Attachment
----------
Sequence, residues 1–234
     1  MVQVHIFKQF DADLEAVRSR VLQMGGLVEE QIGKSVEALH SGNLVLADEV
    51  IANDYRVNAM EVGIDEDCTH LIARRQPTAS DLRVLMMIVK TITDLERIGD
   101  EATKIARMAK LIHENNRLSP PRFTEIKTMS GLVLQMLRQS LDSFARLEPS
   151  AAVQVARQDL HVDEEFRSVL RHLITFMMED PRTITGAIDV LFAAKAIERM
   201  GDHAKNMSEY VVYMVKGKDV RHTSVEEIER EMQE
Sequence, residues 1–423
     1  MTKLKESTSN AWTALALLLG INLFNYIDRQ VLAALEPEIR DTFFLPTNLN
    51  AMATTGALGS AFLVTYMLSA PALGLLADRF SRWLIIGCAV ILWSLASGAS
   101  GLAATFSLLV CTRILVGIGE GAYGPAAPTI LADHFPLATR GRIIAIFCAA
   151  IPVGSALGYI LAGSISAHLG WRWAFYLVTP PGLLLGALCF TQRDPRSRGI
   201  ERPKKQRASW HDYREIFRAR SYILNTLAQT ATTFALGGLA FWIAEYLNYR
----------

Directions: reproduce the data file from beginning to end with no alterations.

Sequence, residues 1–234
     1  MVQVHIFKQF DADLEAVRSR VLQMGGLVEE QIGKSVEALH SGNLVLADEV
    51  IANDYRVNAM EVGIDEDCTH LIARRQPTAS DLRVLMMIVK TITDLERIGD
   101  EATKIARMAK LIHENNRLSP PRFTEIKTMS GLVLQMLRQS LDSFARLEPS
   151  AAVQVARQDL HVDEEFRSVL RHLITFMMED PRTITGAIDV LFAAKAIERM
   201  GDHAKNMSEY VVYMVKGKDV RHTSVEEIER EMQE
Sequence, residues 1–423
     1  MTKLKESTSN AWTALALLLG INLFNYIDRQ VLAALEPEIR DTFFLPTNLN
    51  AMATTGALGS AFLVTYMLSA PALGLLADRF SRWLIIGCAV ILWSLASGAS
   101  GLAATFSLLV CTRILVGIGE GAYGPAAPTI LADHFPLATR GRIIAIFCAA
   151  IPVGSALGYI LAGSISAHLG WRWAFYLVTP PGLLLGALCF TQRDPRSRGI
   201  ERPKKQRASW HDYREIFRAR SYILNTLAQT ATTFALGGLA FWIAEYLNYR